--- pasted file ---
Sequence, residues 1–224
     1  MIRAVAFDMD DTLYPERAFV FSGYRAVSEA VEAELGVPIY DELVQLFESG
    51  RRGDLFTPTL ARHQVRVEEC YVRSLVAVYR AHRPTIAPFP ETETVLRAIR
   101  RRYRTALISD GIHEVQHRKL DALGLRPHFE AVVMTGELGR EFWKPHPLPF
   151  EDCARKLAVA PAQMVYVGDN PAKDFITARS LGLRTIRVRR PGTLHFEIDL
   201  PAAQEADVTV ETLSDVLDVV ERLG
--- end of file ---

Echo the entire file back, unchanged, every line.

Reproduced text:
Sequence, residues 1–224
     1  MIRAVAFDMD DTLYPERAFV FSGYRAVSEA VEAELGVPIY DELVQLFESG
    51  RRGDLFTPTL ARHQVRVEEC YVRSLVAVYR AHRPTIAPFP ETETVLRAIR
   101  RRYRTALISD GIHEVQHRKL DALGLRPHFE AVVMTGELGR EFWKPHPLPF
   151  EDCARKLAVA PAQMVYVGDN PAKDFITARS LGLRTIRVRR PGTLHFEIDL
   201  PAAQEADVTV ETLSDVLDVV ERLG